PresenterBanerjee Dyotana - Krea University,School of Interwoven Arts and Sciences, India
Panel41 – Managerialism and the Transformation of Indian Capitalism in the Mid-Twentieth Century: The Experience of Ahmedabad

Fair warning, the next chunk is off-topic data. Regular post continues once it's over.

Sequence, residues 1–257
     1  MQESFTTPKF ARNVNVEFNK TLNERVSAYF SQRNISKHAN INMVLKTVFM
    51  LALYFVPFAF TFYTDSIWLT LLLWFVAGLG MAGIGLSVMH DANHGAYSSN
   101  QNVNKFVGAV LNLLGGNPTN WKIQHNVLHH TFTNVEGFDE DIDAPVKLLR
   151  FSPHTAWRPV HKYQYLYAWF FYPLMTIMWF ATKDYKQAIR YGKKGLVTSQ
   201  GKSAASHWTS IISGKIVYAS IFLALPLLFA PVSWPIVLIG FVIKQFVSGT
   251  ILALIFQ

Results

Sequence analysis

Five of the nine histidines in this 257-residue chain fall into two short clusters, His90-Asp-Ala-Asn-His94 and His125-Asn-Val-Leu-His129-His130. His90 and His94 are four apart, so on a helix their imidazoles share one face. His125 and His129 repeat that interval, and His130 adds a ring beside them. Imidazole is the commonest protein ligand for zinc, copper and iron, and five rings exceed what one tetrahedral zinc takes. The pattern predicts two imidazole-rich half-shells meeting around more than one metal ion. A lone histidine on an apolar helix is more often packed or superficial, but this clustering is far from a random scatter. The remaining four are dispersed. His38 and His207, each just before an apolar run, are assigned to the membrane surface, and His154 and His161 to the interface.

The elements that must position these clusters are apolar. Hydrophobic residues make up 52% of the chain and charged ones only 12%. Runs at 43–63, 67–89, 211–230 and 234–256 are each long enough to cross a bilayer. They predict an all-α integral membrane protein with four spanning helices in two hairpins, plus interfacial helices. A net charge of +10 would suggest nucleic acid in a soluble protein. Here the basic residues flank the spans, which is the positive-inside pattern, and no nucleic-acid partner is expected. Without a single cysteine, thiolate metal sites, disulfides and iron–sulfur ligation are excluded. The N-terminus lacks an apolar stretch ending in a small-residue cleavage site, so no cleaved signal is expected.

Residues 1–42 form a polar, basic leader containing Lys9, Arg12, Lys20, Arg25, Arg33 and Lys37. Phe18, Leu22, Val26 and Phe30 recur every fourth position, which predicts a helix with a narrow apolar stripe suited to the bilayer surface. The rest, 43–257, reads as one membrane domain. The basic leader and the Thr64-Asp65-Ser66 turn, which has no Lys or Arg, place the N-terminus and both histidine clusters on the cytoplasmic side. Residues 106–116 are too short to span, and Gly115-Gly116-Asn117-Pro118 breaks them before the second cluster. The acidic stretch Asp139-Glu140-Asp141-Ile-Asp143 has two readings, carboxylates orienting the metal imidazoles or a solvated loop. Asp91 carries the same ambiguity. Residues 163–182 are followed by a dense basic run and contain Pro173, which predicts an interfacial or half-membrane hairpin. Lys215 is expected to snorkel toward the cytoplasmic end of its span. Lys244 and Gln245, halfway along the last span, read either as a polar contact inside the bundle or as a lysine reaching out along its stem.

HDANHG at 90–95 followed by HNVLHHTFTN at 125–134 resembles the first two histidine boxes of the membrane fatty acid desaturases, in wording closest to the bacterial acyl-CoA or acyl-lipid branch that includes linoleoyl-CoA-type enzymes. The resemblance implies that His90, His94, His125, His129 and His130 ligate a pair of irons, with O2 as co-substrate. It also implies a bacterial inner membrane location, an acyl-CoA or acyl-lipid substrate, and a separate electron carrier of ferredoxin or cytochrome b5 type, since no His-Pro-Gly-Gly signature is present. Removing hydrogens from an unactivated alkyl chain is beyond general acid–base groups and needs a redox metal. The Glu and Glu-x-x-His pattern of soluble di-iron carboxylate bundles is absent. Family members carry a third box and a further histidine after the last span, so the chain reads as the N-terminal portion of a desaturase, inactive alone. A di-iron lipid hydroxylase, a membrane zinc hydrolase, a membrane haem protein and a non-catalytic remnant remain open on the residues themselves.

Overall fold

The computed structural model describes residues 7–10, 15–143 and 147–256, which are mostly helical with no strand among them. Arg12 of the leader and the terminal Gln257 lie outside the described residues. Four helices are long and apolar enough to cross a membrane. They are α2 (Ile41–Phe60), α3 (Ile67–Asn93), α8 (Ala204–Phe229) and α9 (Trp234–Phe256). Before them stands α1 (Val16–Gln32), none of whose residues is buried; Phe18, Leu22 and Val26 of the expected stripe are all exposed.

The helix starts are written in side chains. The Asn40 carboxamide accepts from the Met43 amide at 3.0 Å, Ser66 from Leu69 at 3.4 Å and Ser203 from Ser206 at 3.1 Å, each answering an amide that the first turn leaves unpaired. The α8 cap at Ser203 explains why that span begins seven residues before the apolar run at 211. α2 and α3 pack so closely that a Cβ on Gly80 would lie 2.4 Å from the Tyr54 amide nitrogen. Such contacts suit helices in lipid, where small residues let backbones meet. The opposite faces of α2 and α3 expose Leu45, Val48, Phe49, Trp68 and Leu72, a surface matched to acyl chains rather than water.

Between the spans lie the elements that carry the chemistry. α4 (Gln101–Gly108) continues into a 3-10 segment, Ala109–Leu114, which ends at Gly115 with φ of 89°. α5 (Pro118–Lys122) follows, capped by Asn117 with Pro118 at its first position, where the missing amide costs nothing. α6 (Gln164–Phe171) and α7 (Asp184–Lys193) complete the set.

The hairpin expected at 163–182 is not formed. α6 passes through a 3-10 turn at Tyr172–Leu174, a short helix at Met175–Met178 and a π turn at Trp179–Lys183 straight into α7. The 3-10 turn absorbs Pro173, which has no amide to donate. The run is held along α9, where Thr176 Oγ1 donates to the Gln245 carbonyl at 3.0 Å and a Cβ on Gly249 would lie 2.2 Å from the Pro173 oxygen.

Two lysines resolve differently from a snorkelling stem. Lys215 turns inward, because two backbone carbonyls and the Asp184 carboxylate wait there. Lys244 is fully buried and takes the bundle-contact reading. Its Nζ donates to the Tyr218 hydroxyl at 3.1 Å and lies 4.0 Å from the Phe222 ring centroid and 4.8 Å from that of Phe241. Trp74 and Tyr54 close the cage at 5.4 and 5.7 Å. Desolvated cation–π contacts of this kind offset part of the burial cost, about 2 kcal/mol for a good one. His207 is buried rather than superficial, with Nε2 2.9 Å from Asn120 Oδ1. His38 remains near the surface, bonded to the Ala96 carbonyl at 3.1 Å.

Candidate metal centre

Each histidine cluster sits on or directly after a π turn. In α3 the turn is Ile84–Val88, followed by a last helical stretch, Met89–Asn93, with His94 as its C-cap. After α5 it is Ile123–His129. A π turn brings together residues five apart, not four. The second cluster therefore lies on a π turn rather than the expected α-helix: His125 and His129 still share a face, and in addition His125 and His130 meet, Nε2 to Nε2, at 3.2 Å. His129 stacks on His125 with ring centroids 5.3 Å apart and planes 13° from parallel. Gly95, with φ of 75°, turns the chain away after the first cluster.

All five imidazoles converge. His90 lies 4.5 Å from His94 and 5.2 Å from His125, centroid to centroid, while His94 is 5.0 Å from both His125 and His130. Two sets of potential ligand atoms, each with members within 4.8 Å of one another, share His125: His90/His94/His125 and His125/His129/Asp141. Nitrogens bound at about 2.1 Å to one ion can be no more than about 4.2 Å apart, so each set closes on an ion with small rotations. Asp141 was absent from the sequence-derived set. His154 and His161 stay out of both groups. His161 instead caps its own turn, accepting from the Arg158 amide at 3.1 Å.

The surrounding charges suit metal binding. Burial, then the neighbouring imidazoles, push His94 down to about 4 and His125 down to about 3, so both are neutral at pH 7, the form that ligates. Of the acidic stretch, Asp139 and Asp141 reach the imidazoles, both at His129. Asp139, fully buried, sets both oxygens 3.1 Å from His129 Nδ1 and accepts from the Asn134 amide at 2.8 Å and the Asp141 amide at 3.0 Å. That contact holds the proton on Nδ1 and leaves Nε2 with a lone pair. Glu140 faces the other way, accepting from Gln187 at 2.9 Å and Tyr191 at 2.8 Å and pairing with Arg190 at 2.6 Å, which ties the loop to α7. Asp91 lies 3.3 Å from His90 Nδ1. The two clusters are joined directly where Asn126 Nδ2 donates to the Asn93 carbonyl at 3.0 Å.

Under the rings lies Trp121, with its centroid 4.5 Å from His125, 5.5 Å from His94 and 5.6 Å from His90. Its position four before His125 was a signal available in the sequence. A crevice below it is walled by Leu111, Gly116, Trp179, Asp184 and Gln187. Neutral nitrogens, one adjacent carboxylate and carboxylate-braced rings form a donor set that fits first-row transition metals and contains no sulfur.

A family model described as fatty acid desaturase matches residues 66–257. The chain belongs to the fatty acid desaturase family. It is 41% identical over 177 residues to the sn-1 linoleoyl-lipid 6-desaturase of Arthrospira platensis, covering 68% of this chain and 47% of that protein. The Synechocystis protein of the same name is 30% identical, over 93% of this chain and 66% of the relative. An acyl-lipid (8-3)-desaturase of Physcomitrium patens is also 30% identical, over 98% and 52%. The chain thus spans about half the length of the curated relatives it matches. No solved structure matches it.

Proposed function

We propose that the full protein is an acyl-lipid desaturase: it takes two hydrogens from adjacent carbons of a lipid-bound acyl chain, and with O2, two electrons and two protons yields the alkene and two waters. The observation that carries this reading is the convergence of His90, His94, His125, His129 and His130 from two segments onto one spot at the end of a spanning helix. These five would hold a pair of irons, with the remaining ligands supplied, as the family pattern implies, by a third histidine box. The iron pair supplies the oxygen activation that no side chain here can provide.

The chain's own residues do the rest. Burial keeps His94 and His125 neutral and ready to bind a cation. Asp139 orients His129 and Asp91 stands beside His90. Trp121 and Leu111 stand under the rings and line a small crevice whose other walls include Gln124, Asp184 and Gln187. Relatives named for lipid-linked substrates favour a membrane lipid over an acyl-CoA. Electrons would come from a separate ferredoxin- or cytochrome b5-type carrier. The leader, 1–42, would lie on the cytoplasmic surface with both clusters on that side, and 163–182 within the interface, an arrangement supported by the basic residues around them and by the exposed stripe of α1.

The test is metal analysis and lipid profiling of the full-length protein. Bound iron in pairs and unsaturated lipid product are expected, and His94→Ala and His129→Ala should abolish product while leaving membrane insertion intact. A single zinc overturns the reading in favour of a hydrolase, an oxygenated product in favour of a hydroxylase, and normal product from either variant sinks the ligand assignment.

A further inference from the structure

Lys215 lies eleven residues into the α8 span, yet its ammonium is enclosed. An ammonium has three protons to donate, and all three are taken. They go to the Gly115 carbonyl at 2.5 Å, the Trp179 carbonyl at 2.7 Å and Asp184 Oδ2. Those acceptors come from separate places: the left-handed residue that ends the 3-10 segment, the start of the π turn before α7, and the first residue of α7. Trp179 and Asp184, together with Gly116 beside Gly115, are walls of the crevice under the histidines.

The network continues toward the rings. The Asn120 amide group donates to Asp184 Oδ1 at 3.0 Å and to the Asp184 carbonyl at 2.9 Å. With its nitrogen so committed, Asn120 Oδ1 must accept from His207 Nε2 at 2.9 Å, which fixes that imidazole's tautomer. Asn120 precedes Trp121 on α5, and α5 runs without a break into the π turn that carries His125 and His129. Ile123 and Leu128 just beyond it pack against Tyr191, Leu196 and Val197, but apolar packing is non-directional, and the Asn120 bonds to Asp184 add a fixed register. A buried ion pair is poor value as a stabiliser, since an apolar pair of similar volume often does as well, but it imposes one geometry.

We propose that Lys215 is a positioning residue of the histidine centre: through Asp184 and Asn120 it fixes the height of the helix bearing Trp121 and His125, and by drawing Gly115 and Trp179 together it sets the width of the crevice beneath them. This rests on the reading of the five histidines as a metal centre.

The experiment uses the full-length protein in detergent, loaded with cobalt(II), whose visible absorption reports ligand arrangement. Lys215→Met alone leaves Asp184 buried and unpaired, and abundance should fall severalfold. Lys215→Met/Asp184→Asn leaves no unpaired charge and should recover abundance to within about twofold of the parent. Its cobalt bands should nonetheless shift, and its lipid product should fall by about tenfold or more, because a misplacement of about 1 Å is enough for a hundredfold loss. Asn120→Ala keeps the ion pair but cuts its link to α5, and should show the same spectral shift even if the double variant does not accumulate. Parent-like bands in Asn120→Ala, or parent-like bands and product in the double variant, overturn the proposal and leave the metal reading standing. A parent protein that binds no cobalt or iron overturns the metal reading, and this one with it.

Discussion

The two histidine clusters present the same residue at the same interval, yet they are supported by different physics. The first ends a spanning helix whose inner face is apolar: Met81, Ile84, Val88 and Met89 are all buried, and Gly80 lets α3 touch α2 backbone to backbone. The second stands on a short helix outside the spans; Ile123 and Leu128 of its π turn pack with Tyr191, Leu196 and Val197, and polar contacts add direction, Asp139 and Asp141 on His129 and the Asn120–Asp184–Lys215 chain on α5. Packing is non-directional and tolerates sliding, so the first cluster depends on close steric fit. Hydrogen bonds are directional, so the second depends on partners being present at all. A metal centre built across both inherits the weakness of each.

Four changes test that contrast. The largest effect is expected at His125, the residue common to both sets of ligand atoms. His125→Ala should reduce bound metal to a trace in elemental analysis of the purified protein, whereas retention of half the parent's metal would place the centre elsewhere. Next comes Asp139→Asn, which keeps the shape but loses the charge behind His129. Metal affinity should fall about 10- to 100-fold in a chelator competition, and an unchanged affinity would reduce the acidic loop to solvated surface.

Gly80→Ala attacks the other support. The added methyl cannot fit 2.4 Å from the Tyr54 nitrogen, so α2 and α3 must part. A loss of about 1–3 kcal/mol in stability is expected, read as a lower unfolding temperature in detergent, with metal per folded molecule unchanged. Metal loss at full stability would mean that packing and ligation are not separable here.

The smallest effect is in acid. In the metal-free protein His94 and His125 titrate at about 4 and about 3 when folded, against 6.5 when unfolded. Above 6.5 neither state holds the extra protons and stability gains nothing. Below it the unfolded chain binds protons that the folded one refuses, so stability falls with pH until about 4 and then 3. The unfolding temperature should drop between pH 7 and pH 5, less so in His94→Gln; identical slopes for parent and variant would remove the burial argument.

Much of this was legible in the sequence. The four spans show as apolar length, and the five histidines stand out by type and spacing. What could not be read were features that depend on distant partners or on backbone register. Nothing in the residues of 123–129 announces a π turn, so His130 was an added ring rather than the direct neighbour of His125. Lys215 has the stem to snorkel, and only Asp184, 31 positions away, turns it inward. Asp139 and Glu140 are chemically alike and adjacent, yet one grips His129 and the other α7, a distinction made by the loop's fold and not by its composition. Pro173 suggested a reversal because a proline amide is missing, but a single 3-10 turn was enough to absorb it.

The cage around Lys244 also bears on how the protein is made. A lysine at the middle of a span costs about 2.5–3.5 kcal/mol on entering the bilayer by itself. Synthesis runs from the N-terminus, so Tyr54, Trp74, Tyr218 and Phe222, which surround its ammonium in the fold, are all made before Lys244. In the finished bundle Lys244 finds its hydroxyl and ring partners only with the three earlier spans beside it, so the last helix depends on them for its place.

The paper analyses the industrial-political complex and the shaping urban labour politics in the early twentieth century Gujarat. From 1861 to 1946, the number of textile mills in Ahmedabad grew from one to seventy-four. The workforce in the textile mill predominantly consisted of lower castes, Dalits and Muslims. My study focuses on the regional peculiarities in the nature of capitalist development in Ahmedabad in early twentieth century, and I argue that indigenous capital not only thrived on the caste-based organization of labour in a modern industrial space, the hegemonic anti-colonial Gandhian political force in the region, despite its critique of the industrial capitalist economy of the west, interfaced with the regional indigenous capitalist forces facilitating its smooth functioning and augmentation. Labour politics under Gandhian organizations such as Majur Mahajan Sangh did not take an assertive form of class-resistance. An assimilative political ethos that was heavily informed by the industrial-political nexus defined the Gandhian and post Gandhian urban labour politics in Ahmedabad. A political platform exclusive for the working class cutting across caste, religion, and region was difficult to materialize countering the hegemonic political economic discourse of the region.